Colton Steepy and Daniel Furman started playing baseball together at age 6. When the two were in eighth grade, Steepy moved into Furman’s Lacey neighborhood and their bond grew closer.
“Daniel will be my best friend for life,” Steepy said.
The connection the two Timberline High School seniors, who have both earned all-South Sound Conference league honors this season, won’t be ending anytime soon. Both have signed to play at NWAC powerhouse Lower Columbia College next season.
But first comes a final competition many thought was beyond the Blazers’ grasp after the first third of the 2019 season: the Class 3A state tournament. Timberline travels to Yakima to meet Mt. Spokane at 10 a.m. at County Stadium. It’s the Blazers fourth state appearance in five years.
A win would send the Blazers into a 4 p.m. quarterfinal against either Lake Washington or Kamiakan. A loss would end their season. Capital will also play Saturday, opening the tournament at 1 p.m. against Mercer Island at Bannerwood Park in Bellevue.
Timberline coach Mark Rubadue points to the combined “baseball IQ” of Furman and Steepy, along with the presence of fellow seniors Caleb Baker, Devin Carter, Kameron Richards, Joseph Appleby and Cole Pearson, for a remarkable comeback from early season adversity.
To start the SSC season, the Blazers faced a double whammy.
Four of their first six games were against the league’s top two teams, Gig Harbor and Peninsula.
Then, in the league opener on the road at Gig Harbor, Furman, one of Timberline’s top two starting pitchers, strained an oblique muscle striking out a Tides’ batter. Injuries to Richards, Appleby and Sam Whitt followed.
“Daniel probably got hurt because he throws so hard,” Rubadue said. “He gets the most out of his ability. He’s only 5-8 but he throws it pretty firmly. I’m 5-9 and I can’t come close to throwing as hard as he does.”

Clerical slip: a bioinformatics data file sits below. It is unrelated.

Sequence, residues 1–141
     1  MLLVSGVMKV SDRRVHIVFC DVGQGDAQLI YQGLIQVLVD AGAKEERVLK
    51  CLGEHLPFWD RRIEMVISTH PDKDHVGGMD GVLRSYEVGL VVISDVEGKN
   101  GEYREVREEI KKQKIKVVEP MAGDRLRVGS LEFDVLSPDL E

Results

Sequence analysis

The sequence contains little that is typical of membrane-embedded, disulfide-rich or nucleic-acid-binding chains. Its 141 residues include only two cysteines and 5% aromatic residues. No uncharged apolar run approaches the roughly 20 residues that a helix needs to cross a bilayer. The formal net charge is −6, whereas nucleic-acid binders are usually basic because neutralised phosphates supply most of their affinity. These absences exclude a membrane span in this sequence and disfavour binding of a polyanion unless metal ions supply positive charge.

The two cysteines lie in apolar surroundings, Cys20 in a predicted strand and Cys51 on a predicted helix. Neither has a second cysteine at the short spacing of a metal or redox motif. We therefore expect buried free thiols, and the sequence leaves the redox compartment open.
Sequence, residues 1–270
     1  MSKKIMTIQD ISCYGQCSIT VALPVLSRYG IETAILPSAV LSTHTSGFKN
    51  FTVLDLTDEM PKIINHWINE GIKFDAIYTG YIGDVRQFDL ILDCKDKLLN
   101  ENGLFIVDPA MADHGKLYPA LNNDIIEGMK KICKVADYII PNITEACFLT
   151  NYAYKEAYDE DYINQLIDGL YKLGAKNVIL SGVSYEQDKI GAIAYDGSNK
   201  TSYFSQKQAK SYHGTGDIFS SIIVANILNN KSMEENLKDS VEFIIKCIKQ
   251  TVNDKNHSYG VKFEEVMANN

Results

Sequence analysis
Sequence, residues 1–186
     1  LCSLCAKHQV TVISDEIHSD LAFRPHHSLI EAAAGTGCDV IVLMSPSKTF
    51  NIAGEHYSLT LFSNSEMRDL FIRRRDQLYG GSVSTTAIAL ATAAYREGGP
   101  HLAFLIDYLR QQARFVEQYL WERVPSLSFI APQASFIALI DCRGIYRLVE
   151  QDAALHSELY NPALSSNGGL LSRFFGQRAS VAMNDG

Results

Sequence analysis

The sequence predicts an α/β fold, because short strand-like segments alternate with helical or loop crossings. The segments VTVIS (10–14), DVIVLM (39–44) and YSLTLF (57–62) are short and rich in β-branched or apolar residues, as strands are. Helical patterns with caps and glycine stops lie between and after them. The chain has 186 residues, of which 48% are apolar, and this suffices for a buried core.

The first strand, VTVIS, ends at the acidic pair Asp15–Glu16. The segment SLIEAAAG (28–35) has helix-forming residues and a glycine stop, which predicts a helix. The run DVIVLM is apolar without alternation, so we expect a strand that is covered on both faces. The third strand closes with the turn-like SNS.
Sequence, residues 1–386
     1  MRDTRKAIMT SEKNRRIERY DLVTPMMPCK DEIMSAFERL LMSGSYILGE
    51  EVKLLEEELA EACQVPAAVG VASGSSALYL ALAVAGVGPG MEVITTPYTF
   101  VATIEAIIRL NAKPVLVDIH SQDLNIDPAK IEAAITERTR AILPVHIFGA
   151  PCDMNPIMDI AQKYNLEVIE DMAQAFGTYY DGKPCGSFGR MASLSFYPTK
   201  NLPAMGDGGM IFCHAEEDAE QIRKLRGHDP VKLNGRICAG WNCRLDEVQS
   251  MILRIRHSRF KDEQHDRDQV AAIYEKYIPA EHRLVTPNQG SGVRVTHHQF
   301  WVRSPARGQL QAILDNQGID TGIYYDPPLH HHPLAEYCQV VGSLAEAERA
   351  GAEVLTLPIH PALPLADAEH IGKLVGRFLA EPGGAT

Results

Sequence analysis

Timberline fell to 1-6.
“It was unbelievable, but we slowly got healthy,” Rubadue said.
“Nobody thought we’d make districts,” Steepy said. “We used that for motivation to practice harder and keep pushing.”
While he rehabbed his injury, Furman, who plays centerfield on the days he doesn’t pitch, kept history in mind.
“Ever since I’ve been at Timberline, we’ve been known to be a second half team,” he said. “We knew we weren’t out of it.”
In mid-April, that late season magic kicked in. A 5-1 win over Shelton was followed with sweeps of rivals Capital and North Thurston. A 10-0 rout of Yelm provided a six-game winning streak that vaulted the Blazers into the West Central/Southwest Bi-District tournament as the No. 3 seed out of the SSC.
“This year’s team has been a lot different than the last two years,” said Steepy, pointing to the Blazers’ positive chemistry as a factor in the comeback. “Everyone likes each other and plays together.”
On the rare occasions a Blazer loses focus, Furman, who is 3-1 on the mound and his batting .462, is there to bring them around.
“His competition level is unreal,” Steepy said. “He does not like to lose. He’s one of those guys who thinks if you’re not first, you’re last. He’s all about the team, not individual accomplishments.”
Said Furman, “We like to have fun as a team but if I see guys goofing around, I’ll get on them. But our seven seniors have been playing together since freshman year. We know how to get better in every way.”
Steepy is hitting .469, fueled, Furman says, by speed.
“Colton’s the fastest guy I’ve ever seen running the bases and his quickness with the bat in his hands is amazing,” he said
At districts, Timberline beat Kelso and Wilson to clinch a state berth, but then lost to Mountain View, dropping the Blazers into the third place game, where they beat Capital, 14-3.
“We were all bummed out when we got beat, but beating one of our closest rivals in any sport, 14-3, gives us some momentum going into state,” said Steepy.
Rubadue sees the game with Mt. Spokane was one of his team’s depth against some star power for the Wildcats, who have four college-bound players highlighted by 6-foot-4 left-handed pitcher and first baseman Stu Flesland, bound for Boise State.
“We don’t have ‘that guy,’” he said. “But, overall, we’re pretty athletic. We’ve had a great run of good players coming through Timberline over the past 10-12 years. If you come here, you know we’re going to have a good team.”